Check with your vet to find out when he gives the first inoculations (usually 8 and 10 weeks, but this can vary from vet to vet).  He will give your puppy a thorough examination when he goes for his first inoculation if you did not visit within the first 24 hours of buying him.  It is not a good idea to let your puppy come into contact with any other animals in the surgery so keep him on your lap while waiting.  Don't forget to carry him from home to the car and from the car to the surgery.

 Also check with your vet when you can take your puppy out but until then he should stay in your enclosed garden as he will be susceptible to diseases.

Puppies sleep a lot in the first few weeks and it is important that they are allowed to sleep undisturbed.  If you have small children, please make sure that they understand that they must allow the puppy to sleep in peace – he is not a toy! 

Puppies change their milk teeth at about 4 months and like babies they have sore gums and can sometimes be slightly off colour.  Their milk teeth are incredibly sharp and children need to be aware of this, otherwise they might get hurt when playing.

To train your puppy, you must start as you mean to go on.  If you do not wish him to get on the furniture, then you must make it clear from day one.  It is not a good idea to let your puppy to climb up or down the stairs as he can injure himself and if he does it too often it may lead to problems later on with hips.  Just use a firm voice and one word ‘NO’.  It is advisable to use a limited vocabulary to start with.  Chose a few words initially and use them each time.  This will avoid confusion and help with your puppy’s understanding, i.e. No, Come, Sit are good ones to start with.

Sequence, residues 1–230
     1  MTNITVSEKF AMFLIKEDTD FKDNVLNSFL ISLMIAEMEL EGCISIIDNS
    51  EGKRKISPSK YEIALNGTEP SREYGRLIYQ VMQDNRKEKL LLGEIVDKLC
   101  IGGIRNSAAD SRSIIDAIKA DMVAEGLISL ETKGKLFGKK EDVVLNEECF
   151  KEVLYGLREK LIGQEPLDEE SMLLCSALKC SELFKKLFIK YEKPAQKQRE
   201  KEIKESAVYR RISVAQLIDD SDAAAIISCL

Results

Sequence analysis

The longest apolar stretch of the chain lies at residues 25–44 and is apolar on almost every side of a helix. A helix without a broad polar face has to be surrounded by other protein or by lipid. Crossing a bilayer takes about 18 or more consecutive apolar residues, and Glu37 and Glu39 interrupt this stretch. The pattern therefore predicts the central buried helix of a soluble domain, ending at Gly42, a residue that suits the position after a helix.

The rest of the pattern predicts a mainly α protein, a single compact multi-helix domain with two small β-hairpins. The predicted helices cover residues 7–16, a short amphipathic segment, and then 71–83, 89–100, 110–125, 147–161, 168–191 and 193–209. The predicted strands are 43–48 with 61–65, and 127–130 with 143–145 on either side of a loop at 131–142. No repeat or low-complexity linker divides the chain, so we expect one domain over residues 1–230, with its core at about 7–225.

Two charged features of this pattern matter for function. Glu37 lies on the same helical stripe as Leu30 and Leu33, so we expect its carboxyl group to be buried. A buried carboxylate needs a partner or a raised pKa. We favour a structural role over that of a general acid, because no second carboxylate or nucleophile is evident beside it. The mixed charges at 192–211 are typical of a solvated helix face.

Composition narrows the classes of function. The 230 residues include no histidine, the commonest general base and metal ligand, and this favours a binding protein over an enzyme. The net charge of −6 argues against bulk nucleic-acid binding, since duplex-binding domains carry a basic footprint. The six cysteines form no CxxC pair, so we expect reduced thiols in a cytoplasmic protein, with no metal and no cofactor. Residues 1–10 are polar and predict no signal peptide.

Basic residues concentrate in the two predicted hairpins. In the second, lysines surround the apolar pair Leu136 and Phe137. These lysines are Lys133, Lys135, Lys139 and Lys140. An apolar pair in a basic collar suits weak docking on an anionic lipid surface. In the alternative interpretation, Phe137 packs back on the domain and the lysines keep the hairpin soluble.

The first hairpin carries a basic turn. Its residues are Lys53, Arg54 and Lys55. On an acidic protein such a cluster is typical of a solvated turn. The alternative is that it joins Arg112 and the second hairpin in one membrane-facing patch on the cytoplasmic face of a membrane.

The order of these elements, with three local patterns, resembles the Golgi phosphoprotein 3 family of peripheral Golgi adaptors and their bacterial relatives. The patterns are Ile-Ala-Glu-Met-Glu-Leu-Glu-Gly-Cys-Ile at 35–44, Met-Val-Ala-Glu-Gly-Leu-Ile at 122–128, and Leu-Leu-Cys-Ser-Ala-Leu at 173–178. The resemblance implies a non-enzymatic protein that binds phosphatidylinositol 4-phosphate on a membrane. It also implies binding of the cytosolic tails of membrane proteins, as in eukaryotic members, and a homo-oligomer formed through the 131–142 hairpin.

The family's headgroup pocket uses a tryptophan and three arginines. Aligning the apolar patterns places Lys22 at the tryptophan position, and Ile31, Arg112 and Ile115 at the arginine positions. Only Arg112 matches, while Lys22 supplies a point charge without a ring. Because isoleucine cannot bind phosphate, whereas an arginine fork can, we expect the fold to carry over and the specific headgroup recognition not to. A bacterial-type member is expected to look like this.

It is useful to have his bedding ready for when you get him home. Also it is important to have the food he is used to so you don't have to make a sudden change, which may upset his stomach.

Don't be tempted to have lots of friends come and visit him but allow time for you to get to know each other.